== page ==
|Page 1 of 3:||  |
|Index||29 reviews in total|
I've loved this book since I was a boy, and still think it's a wonderful way to get children reading about the birth of our nation. The movie does a good job of keeping the important historical facts front and center. Unfortunately, much of the book's richness, and darker shades, are cut away to make this more of a film for the entire family, five year olds included. As is often the case, entire characters are omitted in the interest of time and simplicity. On its own terms, though, a fine film and worth seeing.
When I was 7 years old I was taken by my older brother to the local 'flea pit' to see a double feature, the main film was 'Bambi' and the supporting film was 'Johnny Tremain'. Being only an ankle biter at the time, the film I was looking forward to seeing was Bambi, I had never heard of Johnny Tremain and had no interest whatsoever in watching it, however, once the lights went down in the cinema and the film started, I found myself enchanted by what I was watching, being an English boy I knew little or nothing about the American War of Independence, I had never heard of the Boston Tea Party and had always presumed that Britain and America had always been on friendly terms, we were never taught about it at school, which is hardly surprising I guess, seeing as the Colonists took on the might of the British military and won! The story of Johnny Tremain was told in such a simple and enjoyable way, in a way that only Disney could tell a story, that even a 7 year old English kid could understand the plot and historical background. It is 52 years now since I saw the film but it made a such a lasting impression on me that I can still remember the words to the song (which admittedly being a very short song with few words, is probably not saying much). I would assume that to todays youngsters this film would prove to be dated and uninteresting, after all there is no sex,no bad language and the violence is sanitised, but it was made in a time when values were a lot different and Disney was the king of family movies. Times have changed, but for all the digital special effects and hype, I for one, reckon you can't beat a good old fashioned movie telling its story in an uncomplicated way, standing or falling on plot, direction and good acting.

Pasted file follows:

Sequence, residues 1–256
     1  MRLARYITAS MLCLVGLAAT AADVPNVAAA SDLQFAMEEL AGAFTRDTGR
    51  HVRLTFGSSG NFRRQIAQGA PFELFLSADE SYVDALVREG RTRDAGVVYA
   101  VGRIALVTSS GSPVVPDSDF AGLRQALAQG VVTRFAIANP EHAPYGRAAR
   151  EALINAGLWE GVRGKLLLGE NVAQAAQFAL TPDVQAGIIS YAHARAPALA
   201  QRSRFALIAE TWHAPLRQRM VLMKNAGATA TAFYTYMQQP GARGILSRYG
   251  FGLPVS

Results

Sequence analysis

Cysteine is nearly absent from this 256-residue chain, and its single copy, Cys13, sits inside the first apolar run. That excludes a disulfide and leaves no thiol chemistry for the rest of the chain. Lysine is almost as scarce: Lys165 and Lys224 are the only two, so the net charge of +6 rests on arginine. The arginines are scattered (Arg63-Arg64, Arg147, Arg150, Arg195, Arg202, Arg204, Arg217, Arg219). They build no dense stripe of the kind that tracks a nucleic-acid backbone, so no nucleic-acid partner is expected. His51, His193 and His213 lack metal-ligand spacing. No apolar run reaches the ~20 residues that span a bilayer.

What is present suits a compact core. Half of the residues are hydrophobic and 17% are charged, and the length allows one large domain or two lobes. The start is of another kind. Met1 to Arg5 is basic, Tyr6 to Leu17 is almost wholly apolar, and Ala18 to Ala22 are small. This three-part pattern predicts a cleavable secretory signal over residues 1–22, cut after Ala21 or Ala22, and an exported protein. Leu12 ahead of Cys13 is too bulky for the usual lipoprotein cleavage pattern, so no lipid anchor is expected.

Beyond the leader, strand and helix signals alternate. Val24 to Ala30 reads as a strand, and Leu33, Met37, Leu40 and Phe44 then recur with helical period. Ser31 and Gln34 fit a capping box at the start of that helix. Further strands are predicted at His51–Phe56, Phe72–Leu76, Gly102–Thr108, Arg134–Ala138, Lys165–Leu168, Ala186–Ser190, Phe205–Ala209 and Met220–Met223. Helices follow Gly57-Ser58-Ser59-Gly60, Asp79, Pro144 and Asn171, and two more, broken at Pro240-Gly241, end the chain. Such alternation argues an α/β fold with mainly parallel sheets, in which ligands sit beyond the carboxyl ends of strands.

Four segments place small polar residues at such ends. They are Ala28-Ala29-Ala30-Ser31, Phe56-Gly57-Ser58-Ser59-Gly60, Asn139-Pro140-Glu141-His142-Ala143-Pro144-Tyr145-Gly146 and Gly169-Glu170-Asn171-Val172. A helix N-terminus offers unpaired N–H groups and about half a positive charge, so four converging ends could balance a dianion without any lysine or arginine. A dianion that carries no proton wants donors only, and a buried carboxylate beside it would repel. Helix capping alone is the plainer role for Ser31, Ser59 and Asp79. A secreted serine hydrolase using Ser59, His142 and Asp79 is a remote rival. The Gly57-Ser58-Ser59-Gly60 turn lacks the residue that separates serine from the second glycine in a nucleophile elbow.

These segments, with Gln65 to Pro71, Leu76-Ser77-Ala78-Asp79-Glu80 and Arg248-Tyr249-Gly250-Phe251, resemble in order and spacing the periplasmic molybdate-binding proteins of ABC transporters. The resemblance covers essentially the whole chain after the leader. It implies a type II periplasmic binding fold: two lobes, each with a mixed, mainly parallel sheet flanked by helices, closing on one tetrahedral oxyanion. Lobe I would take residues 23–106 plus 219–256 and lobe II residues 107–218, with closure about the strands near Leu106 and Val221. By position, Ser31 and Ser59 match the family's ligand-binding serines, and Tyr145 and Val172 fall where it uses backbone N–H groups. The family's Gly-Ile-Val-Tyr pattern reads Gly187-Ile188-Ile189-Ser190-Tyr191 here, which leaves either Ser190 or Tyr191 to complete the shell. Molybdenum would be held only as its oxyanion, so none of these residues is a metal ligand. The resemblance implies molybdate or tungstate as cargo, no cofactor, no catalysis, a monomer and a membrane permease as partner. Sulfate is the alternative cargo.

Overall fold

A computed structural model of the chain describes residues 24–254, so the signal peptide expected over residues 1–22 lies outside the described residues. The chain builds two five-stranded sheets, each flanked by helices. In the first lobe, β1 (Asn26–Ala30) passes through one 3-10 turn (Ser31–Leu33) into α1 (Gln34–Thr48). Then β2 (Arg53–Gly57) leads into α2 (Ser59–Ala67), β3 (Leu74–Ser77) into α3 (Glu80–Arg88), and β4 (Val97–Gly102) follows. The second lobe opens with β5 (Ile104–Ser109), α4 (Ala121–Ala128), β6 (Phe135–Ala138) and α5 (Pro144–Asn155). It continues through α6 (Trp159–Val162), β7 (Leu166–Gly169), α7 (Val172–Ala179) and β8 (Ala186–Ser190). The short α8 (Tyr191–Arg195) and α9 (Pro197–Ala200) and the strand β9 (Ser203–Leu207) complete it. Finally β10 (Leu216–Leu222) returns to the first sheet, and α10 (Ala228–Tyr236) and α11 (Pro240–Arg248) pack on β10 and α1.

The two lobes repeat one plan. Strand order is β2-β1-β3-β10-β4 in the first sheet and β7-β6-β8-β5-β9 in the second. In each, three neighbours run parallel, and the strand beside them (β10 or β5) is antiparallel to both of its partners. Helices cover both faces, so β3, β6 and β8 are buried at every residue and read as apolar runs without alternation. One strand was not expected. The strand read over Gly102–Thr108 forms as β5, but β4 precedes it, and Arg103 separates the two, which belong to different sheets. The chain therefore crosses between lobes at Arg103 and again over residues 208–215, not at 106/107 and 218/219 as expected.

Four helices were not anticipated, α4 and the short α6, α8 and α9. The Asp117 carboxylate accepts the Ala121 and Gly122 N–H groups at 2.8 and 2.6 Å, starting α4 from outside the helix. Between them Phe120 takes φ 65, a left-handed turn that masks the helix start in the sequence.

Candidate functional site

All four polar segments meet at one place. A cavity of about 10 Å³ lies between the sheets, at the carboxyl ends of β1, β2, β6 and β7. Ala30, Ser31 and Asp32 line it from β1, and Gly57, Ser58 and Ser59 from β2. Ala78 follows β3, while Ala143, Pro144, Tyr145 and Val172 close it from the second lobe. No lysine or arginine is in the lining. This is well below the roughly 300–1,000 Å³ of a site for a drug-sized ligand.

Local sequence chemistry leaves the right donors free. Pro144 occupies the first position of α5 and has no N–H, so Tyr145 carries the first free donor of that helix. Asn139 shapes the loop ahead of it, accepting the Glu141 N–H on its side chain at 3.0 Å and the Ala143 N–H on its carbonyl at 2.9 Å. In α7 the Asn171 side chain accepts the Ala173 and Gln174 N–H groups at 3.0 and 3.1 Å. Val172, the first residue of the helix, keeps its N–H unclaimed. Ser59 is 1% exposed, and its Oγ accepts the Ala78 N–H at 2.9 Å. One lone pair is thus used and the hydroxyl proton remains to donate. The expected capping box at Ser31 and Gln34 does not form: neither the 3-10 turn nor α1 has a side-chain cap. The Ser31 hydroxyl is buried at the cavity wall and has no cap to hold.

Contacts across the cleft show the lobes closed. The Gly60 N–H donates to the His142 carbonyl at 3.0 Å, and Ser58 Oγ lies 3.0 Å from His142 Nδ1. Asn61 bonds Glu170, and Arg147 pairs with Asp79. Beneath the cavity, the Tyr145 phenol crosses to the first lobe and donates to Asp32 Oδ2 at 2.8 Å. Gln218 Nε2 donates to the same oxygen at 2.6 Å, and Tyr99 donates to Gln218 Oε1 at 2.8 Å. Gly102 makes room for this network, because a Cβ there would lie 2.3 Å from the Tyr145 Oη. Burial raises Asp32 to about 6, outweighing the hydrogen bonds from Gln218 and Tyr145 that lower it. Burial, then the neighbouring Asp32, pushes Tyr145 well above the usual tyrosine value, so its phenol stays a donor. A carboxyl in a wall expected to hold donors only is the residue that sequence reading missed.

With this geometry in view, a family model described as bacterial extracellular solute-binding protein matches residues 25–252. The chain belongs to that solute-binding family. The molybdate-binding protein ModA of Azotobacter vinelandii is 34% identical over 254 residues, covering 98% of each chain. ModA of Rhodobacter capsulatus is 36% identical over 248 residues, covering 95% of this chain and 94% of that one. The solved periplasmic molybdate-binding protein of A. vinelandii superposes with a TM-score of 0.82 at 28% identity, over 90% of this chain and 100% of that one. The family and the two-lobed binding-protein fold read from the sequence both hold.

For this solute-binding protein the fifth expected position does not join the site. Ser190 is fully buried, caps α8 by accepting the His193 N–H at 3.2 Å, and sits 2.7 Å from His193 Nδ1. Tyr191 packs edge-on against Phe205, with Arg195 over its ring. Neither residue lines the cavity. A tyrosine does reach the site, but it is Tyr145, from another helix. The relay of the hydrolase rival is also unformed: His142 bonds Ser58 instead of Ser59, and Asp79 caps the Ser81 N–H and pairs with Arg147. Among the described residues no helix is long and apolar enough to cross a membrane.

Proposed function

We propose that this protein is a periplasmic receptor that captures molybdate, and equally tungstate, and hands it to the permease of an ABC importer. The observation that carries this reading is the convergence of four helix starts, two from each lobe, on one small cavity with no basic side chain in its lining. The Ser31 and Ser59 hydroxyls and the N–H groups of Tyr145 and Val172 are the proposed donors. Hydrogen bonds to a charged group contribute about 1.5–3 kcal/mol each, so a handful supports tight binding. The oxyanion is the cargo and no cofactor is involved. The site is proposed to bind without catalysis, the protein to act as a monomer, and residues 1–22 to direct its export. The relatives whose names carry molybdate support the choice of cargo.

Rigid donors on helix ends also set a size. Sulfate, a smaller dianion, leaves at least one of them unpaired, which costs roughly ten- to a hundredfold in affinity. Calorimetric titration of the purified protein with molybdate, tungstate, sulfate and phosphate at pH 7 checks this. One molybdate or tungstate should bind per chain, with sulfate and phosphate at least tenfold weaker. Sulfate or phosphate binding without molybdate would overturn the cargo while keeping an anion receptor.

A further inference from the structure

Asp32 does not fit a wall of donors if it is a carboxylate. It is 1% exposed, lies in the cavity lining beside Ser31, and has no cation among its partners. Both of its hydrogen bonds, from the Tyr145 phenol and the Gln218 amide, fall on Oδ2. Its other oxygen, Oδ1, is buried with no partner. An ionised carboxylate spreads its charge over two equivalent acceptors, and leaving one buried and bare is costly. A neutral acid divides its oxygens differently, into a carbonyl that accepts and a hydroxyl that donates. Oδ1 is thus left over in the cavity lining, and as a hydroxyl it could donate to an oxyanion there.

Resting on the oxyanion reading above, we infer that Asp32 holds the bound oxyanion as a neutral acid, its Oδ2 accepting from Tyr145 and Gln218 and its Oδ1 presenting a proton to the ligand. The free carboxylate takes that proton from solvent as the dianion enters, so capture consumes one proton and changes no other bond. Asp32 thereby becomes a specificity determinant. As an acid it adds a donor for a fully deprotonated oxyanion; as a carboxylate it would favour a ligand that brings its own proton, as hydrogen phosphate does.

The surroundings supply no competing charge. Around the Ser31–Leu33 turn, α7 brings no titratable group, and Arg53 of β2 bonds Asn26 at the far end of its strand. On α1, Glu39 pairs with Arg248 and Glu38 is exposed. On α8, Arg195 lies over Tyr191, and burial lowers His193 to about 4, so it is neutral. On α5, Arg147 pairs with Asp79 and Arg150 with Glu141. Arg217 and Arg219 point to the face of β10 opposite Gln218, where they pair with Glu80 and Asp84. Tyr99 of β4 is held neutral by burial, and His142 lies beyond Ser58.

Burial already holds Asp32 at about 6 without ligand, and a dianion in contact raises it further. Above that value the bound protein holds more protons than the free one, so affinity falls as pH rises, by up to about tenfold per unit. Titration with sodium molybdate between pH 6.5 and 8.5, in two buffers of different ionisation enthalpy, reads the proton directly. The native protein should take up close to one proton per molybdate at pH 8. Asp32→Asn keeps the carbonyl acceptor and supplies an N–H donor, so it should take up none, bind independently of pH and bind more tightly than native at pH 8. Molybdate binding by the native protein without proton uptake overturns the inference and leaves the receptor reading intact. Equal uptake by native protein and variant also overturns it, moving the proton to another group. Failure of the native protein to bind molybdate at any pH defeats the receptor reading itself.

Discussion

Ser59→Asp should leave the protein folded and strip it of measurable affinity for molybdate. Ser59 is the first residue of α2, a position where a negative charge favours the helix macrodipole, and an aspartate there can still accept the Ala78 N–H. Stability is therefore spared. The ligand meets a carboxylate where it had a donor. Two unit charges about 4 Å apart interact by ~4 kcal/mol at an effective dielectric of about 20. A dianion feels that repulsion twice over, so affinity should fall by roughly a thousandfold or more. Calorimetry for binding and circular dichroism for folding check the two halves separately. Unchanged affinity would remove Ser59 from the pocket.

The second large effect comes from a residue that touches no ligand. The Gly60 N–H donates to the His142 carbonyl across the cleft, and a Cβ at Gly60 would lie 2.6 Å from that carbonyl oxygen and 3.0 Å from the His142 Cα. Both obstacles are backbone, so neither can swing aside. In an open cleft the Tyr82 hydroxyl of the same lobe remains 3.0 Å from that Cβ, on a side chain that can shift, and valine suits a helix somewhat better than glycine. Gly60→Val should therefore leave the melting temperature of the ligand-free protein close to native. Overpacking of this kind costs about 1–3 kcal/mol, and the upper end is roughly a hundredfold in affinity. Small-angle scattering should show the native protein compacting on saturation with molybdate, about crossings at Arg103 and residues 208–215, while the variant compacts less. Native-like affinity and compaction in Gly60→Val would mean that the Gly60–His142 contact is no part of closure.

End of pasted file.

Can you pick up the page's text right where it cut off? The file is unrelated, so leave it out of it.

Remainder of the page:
*** This review may contain spoilers ***
I am fully aware that no film adaptation of a novel can remain
completely faithful to its source. It is just not possible to do- most
novels are too nuanced and large to be comfortably fitted into a two
hour movie. However, it is possible for a film to capture the message
and tone of a novel by keeping true to its narrative. Yet Disney's film
adaption of Esther Forbes 1943 novel for young and old, "Johnny
Tremain," failed to stay true to the narrative of the book and the
result is a thoroughly mediocre and bland movie.
Set in Revolutionary era Boston, Forbes' novel is the story of a bright, talented, and cocky fourteen year old silversmith apprentice, Johnny Tremain, who because of an accident which cripples his hand finds himself without a profession. Without a future as a silversmith, Johnny must find a new life and career. Along the way he finds himself swept up in the events around Boston in the mid 1770's that culminated in the American Revolution. Johnny becomes involved in the clandestine activities of the Sons of Liberty. He participates in the Boston Tea Party, spies on the British, and mingles with such patriots as John Hancock, Sam Adams, and Paul Revere. The strength of the novel is how Forbes so effortlessly weaved the fictional story of Johnny in with actual historical events and persons. It is just a brilliant work of historical fiction.
One would think that a film studio could not make a complete hash of such terrific source material. Yet Disney did. Disney did what is usually expected of film versions of novels- it jettisoned "minor" characters and subplots to streamline the story. That's understandable. What is not forgivable is completely changing the message and tone of the novel in order to have lots of action scenes and a happy ending. In the book, Johnny only hears of about the fighting at Lexington and Concord- in the movie Johnny is shown in the thick of the fighting. That's understandable (film's need action), but what is not forgivable is the ridiculous joyousness of the battle scenes- Johnny and his friend, Rab, hide behind trees, shoot at redcoats, and seem to be having a grand time! They also occasionally break out into song- "Oh, we are the Sons, oh, we are the Sons, the Sons of Liberty!" (It's just as bad as one could imagine.) Disney selling war as a boys' adventure is exactly the opposite of what Forbes intended in her novel.